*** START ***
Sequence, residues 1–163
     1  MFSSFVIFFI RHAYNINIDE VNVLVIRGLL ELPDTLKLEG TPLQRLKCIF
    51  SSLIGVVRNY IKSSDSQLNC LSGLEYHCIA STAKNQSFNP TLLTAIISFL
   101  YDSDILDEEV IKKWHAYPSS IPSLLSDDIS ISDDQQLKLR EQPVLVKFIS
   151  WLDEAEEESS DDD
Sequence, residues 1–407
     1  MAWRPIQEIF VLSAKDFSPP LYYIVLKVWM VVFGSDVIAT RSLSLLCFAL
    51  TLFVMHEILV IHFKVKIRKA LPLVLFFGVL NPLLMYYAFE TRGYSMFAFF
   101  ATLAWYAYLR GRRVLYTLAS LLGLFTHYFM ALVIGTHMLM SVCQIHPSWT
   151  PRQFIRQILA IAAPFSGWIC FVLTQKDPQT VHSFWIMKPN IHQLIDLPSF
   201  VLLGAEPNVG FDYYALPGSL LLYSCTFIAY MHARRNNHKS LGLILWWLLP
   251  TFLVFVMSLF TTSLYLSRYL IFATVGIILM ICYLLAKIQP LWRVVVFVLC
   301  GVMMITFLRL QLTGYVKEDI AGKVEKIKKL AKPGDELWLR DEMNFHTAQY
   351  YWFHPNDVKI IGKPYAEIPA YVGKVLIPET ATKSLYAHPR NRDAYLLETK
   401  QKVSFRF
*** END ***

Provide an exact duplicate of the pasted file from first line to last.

Sequence, residues 1–163
     1  MFSSFVIFFI RHAYNINIDE VNVLVIRGLL ELPDTLKLEG TPLQRLKCIF
    51  SSLIGVVRNY IKSSDSQLNC LSGLEYHCIA STAKNQSFNP TLLTAIISFL
   101  YDSDILDEEV IKKWHAYPSS IPSLLSDDIS ISDDQQLKLR EQPVLVKFIS
   151  WLDEAEEESS DDD
Sequence, residues 1–407
     1  MAWRPIQEIF VLSAKDFSPP LYYIVLKVWM VVFGSDVIAT RSLSLLCFAL
    51  TLFVMHEILV IHFKVKIRKA LPLVLFFGVL NPLLMYYAFE TRGYSMFAFF
   101  ATLAWYAYLR GRRVLYTLAS LLGLFTHYFM ALVIGTHMLM SVCQIHPSWT
   151  PRQFIRQILA IAAPFSGWIC FVLTQKDPQT VHSFWIMKPN IHQLIDLPSF
   201  VLLGAEPNVG FDYYALPGSL LLYSCTFIAY MHARRNNHKS LGLILWWLLP
   251  TFLVFVMSLF TTSLYLSRYL IFATVGIILM ICYLLAKIQP LWRVVVFVLC
   301  GVMMITFLRL QLTGYVKEDI AGKVEKIKKL AKPGDELWLR DEMNFHTAQY
   351  YWFHPNDVKI IGKPYAEIPA YVGKVLIPET ATKSLYAHPR NRDAYLLETK
   401  QKVSFRF